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You might have a roommate who rolls their eyes a lot and leaves sassy sticky notes all over the place, but no matter how frustrating it is, it’s probably not a personality disorder.

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You're having a perfectly good morning, and then you walk into the kitchen and see it: the dreaded Post-It note.

It's stuck above the dishes you were totally going to do or the trash you're definitely planning to take out. It has a smiley-face, but the real message is clear.

That thing you didn't think was a problem? Yeah, apparently it's a problem. We've all been on the receiving end of passive-aggressive behavior… and maybe even been guilty of it ourselves.

Honestly, it kind of feels like an unfortunate but normal part of social interaction. But in psychology, the idea is a lot more controversial. [INTRO ♪]. Psychologists define passive-aggressive behavior as a deliberate but covert way of expressing feelings of anger.

And it's not just Post-Its—this behavior can take a lot of forms, from the silent treatment to sarcasm and pointed jokes. It can also include indirect violence—like slamming around pots and pans— and unhelpful one-word responses... you know, like: Sure. Whatever.

Fine. But one of the weird things about passive-aggressive behavior is how complicated its history is. The term “passive-aggressive” originated in the American military during World War II.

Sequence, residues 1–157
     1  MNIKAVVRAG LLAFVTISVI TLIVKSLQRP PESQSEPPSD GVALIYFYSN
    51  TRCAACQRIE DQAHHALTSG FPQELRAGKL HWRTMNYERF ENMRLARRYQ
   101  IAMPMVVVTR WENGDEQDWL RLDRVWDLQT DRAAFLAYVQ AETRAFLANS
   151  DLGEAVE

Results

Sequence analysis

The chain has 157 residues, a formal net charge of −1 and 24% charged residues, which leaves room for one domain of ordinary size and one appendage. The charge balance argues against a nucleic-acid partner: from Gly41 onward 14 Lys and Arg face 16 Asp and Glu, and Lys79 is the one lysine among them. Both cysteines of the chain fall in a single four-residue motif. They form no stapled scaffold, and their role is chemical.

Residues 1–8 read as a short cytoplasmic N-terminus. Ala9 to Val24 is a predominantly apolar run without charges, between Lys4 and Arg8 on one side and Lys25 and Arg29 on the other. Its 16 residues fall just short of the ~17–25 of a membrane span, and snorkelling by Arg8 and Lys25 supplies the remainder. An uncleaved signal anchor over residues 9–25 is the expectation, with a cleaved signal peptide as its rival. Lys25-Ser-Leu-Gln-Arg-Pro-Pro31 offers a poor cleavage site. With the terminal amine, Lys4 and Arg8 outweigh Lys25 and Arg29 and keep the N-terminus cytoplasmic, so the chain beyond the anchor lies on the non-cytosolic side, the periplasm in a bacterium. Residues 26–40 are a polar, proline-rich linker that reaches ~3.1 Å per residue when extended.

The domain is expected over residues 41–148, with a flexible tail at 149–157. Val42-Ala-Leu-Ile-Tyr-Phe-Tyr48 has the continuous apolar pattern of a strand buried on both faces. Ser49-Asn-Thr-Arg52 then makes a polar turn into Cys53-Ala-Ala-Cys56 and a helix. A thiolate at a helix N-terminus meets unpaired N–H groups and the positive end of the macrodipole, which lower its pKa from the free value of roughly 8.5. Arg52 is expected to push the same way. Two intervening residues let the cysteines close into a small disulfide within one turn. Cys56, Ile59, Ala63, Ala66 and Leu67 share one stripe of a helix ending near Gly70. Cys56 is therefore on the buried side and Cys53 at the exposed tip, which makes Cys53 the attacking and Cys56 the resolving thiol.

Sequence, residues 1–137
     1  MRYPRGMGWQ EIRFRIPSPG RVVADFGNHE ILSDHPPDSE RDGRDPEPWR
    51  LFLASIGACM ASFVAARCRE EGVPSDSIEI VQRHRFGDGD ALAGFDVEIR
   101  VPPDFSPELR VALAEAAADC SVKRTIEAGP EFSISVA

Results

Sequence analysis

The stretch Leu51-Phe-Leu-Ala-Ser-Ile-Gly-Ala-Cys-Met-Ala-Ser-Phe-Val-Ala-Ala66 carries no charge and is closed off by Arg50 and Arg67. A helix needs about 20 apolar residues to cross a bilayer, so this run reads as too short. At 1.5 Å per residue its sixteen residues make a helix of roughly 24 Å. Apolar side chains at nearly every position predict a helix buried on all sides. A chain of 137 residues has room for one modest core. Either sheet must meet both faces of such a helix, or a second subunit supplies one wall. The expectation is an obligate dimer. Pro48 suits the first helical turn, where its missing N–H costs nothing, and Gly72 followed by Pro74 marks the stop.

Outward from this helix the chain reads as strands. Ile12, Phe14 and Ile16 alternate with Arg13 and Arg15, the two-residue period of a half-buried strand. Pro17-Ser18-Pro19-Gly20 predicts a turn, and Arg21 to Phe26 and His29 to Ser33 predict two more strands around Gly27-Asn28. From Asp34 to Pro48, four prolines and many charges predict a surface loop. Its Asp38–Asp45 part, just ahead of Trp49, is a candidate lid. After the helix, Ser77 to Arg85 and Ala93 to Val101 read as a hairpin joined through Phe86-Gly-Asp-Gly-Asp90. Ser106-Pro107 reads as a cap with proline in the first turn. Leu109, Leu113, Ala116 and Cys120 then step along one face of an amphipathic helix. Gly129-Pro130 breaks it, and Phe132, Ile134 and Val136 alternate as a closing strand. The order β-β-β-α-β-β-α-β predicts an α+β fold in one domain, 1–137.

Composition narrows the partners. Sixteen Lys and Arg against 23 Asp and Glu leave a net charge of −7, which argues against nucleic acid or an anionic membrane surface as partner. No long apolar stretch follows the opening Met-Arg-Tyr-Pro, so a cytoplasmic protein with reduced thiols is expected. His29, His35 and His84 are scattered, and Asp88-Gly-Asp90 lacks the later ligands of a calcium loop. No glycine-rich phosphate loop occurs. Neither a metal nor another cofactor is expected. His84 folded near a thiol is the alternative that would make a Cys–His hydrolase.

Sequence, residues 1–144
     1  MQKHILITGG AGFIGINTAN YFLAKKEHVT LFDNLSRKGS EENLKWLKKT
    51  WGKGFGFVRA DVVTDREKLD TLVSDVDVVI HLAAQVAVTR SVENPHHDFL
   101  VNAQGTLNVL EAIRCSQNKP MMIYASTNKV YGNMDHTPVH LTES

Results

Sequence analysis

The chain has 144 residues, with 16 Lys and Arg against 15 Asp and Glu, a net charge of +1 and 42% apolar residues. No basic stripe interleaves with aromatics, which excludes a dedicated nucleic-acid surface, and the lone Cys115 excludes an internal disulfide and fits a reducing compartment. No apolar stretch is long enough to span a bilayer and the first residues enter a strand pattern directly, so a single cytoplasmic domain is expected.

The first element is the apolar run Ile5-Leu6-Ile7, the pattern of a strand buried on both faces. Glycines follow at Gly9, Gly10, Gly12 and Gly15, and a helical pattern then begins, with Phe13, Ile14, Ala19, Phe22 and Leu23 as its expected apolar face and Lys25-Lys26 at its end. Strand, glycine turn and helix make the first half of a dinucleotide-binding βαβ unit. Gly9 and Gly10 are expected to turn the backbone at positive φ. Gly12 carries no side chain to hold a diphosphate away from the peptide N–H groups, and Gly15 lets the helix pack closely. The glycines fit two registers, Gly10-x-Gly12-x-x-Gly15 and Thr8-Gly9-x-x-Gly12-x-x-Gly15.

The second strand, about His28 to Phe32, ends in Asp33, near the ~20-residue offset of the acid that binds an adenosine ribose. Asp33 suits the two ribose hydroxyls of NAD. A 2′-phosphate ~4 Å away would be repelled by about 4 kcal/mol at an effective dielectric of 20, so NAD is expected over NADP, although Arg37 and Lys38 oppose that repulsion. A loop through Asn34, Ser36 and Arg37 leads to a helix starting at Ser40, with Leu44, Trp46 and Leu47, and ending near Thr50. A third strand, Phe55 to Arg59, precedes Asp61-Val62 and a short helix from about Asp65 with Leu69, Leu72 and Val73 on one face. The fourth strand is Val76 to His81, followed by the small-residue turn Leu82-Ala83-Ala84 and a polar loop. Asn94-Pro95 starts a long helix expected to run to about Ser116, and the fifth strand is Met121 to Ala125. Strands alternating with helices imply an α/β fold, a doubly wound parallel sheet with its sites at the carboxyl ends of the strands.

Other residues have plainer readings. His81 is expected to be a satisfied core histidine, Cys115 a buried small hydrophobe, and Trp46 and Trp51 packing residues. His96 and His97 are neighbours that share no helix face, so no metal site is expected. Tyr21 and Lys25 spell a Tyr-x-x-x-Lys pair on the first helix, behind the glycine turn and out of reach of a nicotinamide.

It was used to describe soldiers who refused to comply with orders in a particular way. Rather than refusing outright, these soldiers sulked, procrastinated, and were deliberately inefficient. And yes, it annoyed the heck out of the officers.

So, when the first edition of the Diagnostic and Statistical Manual of Disorders, or DSM, was published in 1952, psychologists basically just copied-and-pasted this stuff in and called it passive-aggressive personality disorder. And, at the time, it seemed to be a pretty good working definition of a real condition. In 1966, passive-aggressive personality disorder was diagnosed in 3% of patients in public psychiatric hospitals and 9% of those who visited outpatient clinics, where people don't stay overnight.

But by the time the fourth edition of the DSM was published, it had become more controversial. It ended up getting pulled from the main text, put into the appendix, tweaked, and renamed negativistic personality disorder. And in the DSM-5, it no longer appears at all.

But psychologists still argue about it. Some papers even have dramatic titles, like “The Demise of a Syndrome.” Those who criticize the idea of passive-aggressive personality disorder think one of the big problems is that there's a difference between being frustrated by an annoying behavior and pathologizing it. They argue that it's a response to certain situations, not an ingrained personality trait.